Since I could no longer rely on a salary, my group insurance paid me $5,000 per month, which mostly went toward my mortgage, bills, food and basic expenses. In order to reach an optimal level of recovery, I needed two hours of physical and occupational therapy a day, five days a week—which is where the individual disability insurance came in, paying me the $5,000 per month I needed to afford that level of care.
Recovery was slow going. My muscles had atrophied, so I had to retrain my body to do everything from walking to buttoning my shirt to tying my shoes. Rehab was tough both physically and mentally, and I needed 16 to 20 hours of sleep a day to heal. I was also severely depressed—when I wasn't reliving my accident, I was wondering about my future. Who was I going to be? Would I ever be able to go back to work, or have a family?
I was attending ten hours of therapy a week, and I never expected that due to my improvement a year and a half after my accident, my group disability insurance would end. The policy was a catastrophic policy, and once they believed my situation was no longer catastrophic—which they did now—they ended my coverage.
What they couldn't see was that I was sleeping 12 hours a day, that I was using a wheelchair. They didn't know it took me an hour to get dressed in the morning. When they pulled their funds, I trimmed my expenses, relied on my savings and was eventually able to return to work part-time at age 39.
Walking by me on the street then, you probably wouldn't even be able to tell I was disabled anymore—following five years of rehab, I could walk and function like a normal person, but I exhausted quickly and still had some awkwardness on the right side of my body.
In 1999, I was well enough to branch out of my job at the insurance company and formed the Disability Resource Group—a multicarrier, wholesale insurance brokerage agency—which I still lead today.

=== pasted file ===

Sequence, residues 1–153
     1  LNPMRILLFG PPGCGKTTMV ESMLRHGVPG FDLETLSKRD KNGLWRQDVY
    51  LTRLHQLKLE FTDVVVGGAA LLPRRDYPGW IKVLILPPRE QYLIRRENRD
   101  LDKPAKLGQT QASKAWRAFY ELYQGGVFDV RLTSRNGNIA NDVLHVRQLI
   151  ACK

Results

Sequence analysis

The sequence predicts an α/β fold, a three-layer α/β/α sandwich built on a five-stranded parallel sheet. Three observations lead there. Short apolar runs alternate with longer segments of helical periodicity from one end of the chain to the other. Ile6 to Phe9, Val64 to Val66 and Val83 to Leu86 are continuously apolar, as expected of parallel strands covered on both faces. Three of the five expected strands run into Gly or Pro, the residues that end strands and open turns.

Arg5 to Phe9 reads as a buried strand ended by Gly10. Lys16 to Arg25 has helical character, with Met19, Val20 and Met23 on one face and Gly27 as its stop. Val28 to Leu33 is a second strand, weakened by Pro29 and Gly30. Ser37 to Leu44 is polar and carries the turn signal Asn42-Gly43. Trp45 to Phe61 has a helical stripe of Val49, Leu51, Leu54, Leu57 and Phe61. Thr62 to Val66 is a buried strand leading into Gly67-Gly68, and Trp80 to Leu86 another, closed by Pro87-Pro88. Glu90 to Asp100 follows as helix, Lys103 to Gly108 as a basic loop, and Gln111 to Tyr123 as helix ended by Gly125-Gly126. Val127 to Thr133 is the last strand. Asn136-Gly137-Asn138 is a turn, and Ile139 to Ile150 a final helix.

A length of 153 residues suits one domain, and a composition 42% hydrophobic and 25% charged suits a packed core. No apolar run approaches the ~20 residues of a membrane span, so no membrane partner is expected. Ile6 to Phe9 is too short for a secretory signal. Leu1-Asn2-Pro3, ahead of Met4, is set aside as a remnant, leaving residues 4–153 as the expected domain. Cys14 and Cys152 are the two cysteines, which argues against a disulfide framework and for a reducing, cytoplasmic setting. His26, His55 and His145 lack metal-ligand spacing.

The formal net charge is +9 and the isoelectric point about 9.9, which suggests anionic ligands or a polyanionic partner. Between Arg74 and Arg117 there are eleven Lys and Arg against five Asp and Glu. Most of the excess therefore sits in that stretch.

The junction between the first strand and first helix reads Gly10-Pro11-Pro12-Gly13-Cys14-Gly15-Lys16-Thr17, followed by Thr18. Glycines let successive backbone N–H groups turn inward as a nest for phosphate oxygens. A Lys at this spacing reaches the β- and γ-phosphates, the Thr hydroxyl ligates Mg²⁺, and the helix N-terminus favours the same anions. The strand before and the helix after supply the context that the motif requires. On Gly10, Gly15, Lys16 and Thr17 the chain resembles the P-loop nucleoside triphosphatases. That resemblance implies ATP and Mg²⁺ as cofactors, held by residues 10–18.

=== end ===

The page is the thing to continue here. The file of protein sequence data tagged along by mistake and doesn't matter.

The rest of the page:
How I Made It Through My First Marathon
I spent the next ten years running my company and maintaining my recovery. I still have some paralysis and nerve problems on my right side, but I minimize these problems by doing strength training, biking and using an elliptical machine. If I don't keep up my workouts, my muscles will continue to atrophy ... but medical professionals tell me that less than 1% of people with spinal cord injuries get to the point I’ve reached.
After my experience, I'm all in when it comes to anything to do with spinal injury. In 2009, my friend’s daughter broke her neck while doing gymnastics and after speaking with her, I decided to challenge myself to finish the Chicago marathon in order to raise money for her family. I couldn’t quite run (it was more of a shuffle, and advised against by my doctor), and at mile 14, I blew out my right knee due to lack of muscle strength. Luckily, a cortisone shot and lots of rest healed it just fine.
I finished in six hours and nine minutes, and raised $26,000 for my friend's family. I’ve completed the race every year since—faster each time—and have raised over $100,000 total. I was recently named last year's top fund-raiser out of 45,000 participants when I raised $43,000 for the Spinal Cord Injury Association of Illinois. And, in fact, I don’t see myself as a marathon runner—I see myself as a charity fund-raiser who happens to run marathons. When you do something for a cause that is bigger than you, the reward is so much greater.
I’m now 52 and celebrating the 20th anniversary of my “second life.” Ultimately, my body now pretty much functions as normal. Before the accident, I was an active, confident, athletic salesman. But now I'm still working on the process of lifelong recovery and still accepting that the post-accident version of me will never truly be 100%. That said, my recovery has surpassed anything I could have imagined. It's not how I expected to get here, but I'm now exactly where I want to be.
John F. Nichols, CLU, MSM, is the President of Disability Resource Group, Inc. and spokesperson for the LIFE Foundation, a nonprofit dedicated to helping consumers make smart insurance decisions.